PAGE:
If your self-esteem is your engine, then your confidence is the transmission that puts it into motion (we just made that up). What we didn’t make up is that confidence goes a long way in personal and business success, so how to you strengthen it if you’re feeling a little unsure of yourself?
While it’s nice to receive compliments and praise once in a while to help you feel good about yourself, sometimes it takes a little bit of an effort from yourself to feel more confident. Here are eight ways to reach that goal…
Stop Worrying About Others Opinions
Opinions are like belly buttons, everyone has one (the original saying was a bit different from this, but we’re editing this for a family-rated website). Anyhow, if someone has said or done something to deflate your ego a bit, then remember that’s just one person, and there are plenty of others out there cheering you on.
The Huffington Post notes in an article that if you ask 30-people for their opinion of you, “you are likely to find you have 30 different reputations.” The important opinion is your own; know that you’re doing your best and you can’t control what a negative Nelly has to say about it.
Focus on Your Strengths
People tend to dwell on things they’re not good at, or aspects of their appearance they’re not happy with. In this haze of negativity, you can forget that you bring a lot to the table – and have talents that some others don’t.
“Make a list of all your assets including skills, experiences, physical and social resources, talents, and anything else that makes you feel good about yourself,” notes the site. The site also reminds you that you’re more than one thing; you’re many things to many people, so remember that you’re dynamic and competent.
Tackle Your Fears
There may be a barrier in your way that seems too high to climb that’s making you doubt yourself. Canadian Living magazine says instead of avoiding that challenge, you should face it head-on. “The anticipation of the attempt might feel like torture, but the sense of accomplishment that will breed from your courageous act will do far more for your confidence than if you avoid it,” notes the source.
This doesn’t mean you have to jump off a cliff to prove your bravery; try tackling smaller things to help you put some check marks in your “win” column and boost your confidence along the way. Even if you don’t do as well as you wanted when it comes time to tackle that challenge (like public speaking, for example), pat yourself on the back knowing it took confidence and bravery to do it, and that you’ll get better with practice.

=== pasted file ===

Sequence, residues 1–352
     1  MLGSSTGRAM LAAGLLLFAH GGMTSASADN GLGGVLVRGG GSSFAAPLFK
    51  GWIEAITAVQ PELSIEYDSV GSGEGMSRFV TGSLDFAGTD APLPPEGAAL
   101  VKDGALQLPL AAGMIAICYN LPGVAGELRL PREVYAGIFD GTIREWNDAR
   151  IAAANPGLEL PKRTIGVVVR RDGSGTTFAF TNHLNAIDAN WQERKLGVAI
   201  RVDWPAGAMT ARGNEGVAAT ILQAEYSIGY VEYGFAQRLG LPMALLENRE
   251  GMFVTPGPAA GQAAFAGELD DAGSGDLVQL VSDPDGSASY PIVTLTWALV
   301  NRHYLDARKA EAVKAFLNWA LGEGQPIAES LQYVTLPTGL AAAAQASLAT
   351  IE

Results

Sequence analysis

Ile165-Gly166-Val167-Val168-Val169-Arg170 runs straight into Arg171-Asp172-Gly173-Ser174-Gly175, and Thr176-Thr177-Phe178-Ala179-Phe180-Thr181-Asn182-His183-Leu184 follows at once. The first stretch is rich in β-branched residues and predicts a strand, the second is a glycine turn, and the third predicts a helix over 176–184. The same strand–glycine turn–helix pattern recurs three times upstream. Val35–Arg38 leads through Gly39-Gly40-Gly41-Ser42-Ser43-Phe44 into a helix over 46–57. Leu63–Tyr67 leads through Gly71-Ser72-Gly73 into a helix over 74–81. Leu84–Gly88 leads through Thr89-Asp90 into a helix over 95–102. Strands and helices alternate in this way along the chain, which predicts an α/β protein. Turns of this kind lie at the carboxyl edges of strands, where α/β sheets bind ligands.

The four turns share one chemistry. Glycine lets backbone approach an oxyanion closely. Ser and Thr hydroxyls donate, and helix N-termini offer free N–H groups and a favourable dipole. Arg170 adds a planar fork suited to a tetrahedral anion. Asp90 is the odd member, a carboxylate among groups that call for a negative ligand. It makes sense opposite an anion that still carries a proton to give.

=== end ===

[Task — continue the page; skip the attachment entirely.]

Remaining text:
Treat Yourself Like a Friend
Negative thoughts can creep into our brains and tell us we’re not good enough or confident enough to tackle a particular task, but you can tell that little voice where to go. One way to break this pattern is to ask yourself if you’d talk to a good friend the way you’re (unfairly) talking to yourself, notes LifeHack.org.
Another trick is to distract yourself from negative projections by being in the moment. Observe the room you’re in, take in the smells, be aware of your sense of touch – basically, get into a more meditative state where your mental energy is being redirected away from a dark place.
Change Your Outer Image
While confidence is something we have within, changing your outward appearance can help you along the way, notes RealBuzz.com. “What you look like will always affect your confidence,” notes the site.
That could mean getting a new hairstyle, a new and more colorful wardrobe – if you like the person you’re looking at in the mirror a little more, it could help you more confidently tackle your day. If you get some nice comments from friends or strangers, then that’s just a bonus!
Straighten Your Posture
This may seem a bit weird, but if you’re a very unsure person you’re probably walking with your shoulders rolled forward and your head down, which doesn’t help you feel confident walking down the street (not to mention not doing any favors for your spine and neck).
Greatist.com notes that you can “catch” yourself slumping whether you’re sitting in a chair or standing, and straighten yourself out. Not only will you probably look more confident to others, “According to research, doing so can lead to more confidence in your own thoughts,” offers the site. Open up your chest and keep your head level for best results.
Greatist also suggests picturing yourself succeeding, even if you don’t think you’re in the right frame of mind to perform your best. This could be visualizing scoring a goal during a hockey/soccer game, or pushing yourself a little further in your workout (without overdoing it).
The source suggests setting a very specific goal in your head – “one study suggests that the more detailed your vision of future success, the more confident you’ll feel,” it notes. Picture this great outcome when you go to bed at night, and remind yourself how great it will feel when you’ve actually achieved it.
Speaking of being a sports hero, if you’re not already doing some kind of activity, then you should change that. Exercise is important to remind you of your physical abilities (as well as mental), and the feel-good hormones that are released when you push yourself a bit can be a great, natural way to feel like you can tackle challenges for the rest of the day.
Exercise naturally reduces stress, increases calm, gives mental clarity and can help you sleep more soundly at night (which is important for being in the right mental state). “Exercise that really engages your mind can keep you in the present and prevent you from going negative in your mind,” notes GreatHealthyU.com. It doesn’t have to be sports or a trip to the gym; a brisk walk in nature can do wonders as well, it adds.